Governors come from all sections of the community, and all walks of life.

They can be parents, staff at the school, residents in the locality or representatives of local churches or businesses. It is important that you can work as part of a team, and can give commitment to the school.

Skills & experience

Effective governors do not need to be experts in education – the main requirement needed is enthusiasm and commitment to the role. Children rely on good strong governing boards who are able to provide effective challenge and support to the school leaders.

An effective governing board needs to have a range of governors who are skilled and experienced in areas such as:

  • strategic planning
  • identifying problems/considering solutions
  • finance and budgeting
  • procurement and purchasing
  • data analysis
  • Health and Safety
  • links with business/community
  • understanding of education policy

Time commitments

The time needed to be an active school governor can be as little as 6 to 8 hours each school month. This includes preparation time for meetings and visits.

The normal term of office for a school governor is 4 years. But governors are volunteers who can leave at any time.

They can also be re-appointed or re-elected.

The amount of time will vary depending on how much you are able and willing to give to the role. If appointed you should be prepared to:

  • attend meetings - the governing board must meet at least once a term. Governing boards also have a number of committees who report back to the full governing board. You will probably be asked to serve on at least one committee
  • read through papers and minutes prior to the meeting so that you are prepared for any discussions before you get to meetings - which are normally during the evening but can be during the day
  • attend training to develop your skills as a governor

Training

We have always placed a great emphasis on the importance of governor training. 

With this in mind, we have worked closely with Learn Sheffield who are co-ordinating the full range of governor training and development opportunities.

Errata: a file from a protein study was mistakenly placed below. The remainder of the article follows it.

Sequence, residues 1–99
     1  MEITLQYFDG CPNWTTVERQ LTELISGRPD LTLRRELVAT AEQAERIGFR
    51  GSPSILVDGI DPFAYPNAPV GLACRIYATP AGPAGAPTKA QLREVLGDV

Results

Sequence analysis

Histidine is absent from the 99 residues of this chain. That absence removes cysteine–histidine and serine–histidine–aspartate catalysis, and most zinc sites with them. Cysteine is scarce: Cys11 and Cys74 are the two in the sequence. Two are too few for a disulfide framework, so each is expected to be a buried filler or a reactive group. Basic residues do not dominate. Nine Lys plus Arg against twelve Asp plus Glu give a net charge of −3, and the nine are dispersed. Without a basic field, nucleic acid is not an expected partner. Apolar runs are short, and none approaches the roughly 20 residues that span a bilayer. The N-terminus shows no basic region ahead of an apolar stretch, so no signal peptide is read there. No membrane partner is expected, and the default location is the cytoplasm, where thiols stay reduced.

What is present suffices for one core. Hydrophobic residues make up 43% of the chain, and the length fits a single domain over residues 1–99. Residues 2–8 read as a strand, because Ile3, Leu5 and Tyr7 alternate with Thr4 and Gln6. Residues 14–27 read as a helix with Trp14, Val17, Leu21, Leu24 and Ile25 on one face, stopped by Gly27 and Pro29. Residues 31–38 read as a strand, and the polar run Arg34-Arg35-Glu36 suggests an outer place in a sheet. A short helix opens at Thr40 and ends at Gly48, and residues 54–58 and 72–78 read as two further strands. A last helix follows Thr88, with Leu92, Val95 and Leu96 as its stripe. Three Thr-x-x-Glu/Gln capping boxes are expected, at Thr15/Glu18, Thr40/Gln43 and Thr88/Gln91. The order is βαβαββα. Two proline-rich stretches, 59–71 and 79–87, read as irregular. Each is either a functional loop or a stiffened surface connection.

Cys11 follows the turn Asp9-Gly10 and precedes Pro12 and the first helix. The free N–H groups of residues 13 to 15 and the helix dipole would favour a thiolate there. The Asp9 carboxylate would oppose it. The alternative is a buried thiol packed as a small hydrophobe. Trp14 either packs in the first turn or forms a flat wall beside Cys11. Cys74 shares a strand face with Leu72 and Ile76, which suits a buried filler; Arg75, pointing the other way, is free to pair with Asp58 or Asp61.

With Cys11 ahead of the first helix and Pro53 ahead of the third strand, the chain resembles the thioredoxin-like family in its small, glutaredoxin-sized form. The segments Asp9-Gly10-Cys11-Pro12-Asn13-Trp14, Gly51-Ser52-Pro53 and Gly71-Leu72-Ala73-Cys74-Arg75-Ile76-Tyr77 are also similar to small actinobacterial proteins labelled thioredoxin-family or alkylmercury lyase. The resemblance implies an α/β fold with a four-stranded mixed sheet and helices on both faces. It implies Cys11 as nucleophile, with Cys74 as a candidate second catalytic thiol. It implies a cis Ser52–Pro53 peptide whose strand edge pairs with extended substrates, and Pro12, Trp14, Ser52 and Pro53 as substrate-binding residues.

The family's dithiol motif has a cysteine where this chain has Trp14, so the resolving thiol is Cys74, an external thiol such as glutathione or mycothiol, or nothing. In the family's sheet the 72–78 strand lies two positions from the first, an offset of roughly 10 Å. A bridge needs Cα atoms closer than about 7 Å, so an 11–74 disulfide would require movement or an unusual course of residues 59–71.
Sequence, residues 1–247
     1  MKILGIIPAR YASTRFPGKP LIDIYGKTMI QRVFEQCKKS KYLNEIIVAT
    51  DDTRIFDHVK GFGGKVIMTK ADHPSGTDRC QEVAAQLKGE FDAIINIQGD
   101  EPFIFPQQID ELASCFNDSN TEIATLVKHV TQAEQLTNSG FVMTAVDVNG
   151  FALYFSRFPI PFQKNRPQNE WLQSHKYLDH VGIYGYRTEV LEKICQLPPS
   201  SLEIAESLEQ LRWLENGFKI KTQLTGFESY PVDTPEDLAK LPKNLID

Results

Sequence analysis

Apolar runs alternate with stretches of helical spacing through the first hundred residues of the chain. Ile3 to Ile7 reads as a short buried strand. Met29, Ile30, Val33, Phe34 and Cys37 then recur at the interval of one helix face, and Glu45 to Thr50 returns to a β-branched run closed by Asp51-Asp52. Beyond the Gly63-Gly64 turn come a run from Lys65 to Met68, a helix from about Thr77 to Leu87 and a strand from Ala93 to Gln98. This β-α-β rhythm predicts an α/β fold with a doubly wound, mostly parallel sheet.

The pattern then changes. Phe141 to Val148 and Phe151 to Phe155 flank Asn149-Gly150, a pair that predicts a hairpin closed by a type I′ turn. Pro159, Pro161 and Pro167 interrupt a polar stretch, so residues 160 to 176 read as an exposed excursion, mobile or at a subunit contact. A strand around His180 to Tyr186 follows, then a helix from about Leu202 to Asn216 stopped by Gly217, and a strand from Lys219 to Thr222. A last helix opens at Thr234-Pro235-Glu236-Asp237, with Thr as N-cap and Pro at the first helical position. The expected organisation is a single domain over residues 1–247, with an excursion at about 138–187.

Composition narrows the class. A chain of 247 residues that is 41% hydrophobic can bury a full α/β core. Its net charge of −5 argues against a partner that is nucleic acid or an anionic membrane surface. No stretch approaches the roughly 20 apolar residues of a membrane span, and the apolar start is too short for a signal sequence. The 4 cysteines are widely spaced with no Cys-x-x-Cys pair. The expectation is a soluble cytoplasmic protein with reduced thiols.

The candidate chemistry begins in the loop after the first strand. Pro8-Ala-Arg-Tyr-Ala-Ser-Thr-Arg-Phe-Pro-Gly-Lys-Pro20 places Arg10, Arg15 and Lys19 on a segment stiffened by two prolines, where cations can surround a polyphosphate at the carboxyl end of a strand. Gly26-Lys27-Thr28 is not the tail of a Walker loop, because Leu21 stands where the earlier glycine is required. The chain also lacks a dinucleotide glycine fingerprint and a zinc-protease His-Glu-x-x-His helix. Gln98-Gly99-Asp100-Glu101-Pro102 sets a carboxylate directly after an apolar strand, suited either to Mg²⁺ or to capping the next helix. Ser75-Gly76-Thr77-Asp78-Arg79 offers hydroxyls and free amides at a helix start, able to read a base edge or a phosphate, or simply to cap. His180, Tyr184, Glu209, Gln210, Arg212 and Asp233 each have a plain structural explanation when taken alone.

Governors of schools and academies who subscribe to the service will have access to a yearly programme of courses that respond to national and local initiatives as well as having access to unlimited online governor training.

Disclosure & Barring Service (DBS) check

In Sheffield we are committed to safeguarding and promoting the welfare of children and expect Governors of our Schools to share this commitment.

An appointment to a school's Governing Board is subject to an enhanced Disclosure and Barring Service (DBS) check.

Apply to become a school governor

For information about Parent Governor and Foundation Governor positions please contact the school direct. Contact details are available in the Schools' List.

For co-opted Governor and Local Authority Governor positions, complete the 'Application Form to become a School Governor'. Please email completed forms to us.

We will then put you in touch with governing boards who may have a suitable vacancy and where your skills match those requested by the governing board.

Alternatively, you can contact one of the national charities (School Governors One Stop Shop and Inspiring the Future) that work with schools to help them fill governor vacancies.  

School governor training, help and resources

Governor support service

We are able to offer a range of support services to schools and academies across Sheffield. These are subscription services which can include:

  • help with planning the agenda and structure of your governing board meetings
  • provision of a well-trained clerk who will support the governing board at their meetings, advising on governance, constitutional and procedural matters
  • dedicated support, advice and guidance provided online or by telephone during normal working hours
  • access to a wide range of governor training, both face to face and online

Our help for governors

  • support and advice around your role
  • signposting to other sources of support eg, National Leaders of Governance, Local Leaders of Governance (LLGs), Department for Education
  • contact with key personnel with the Local Authority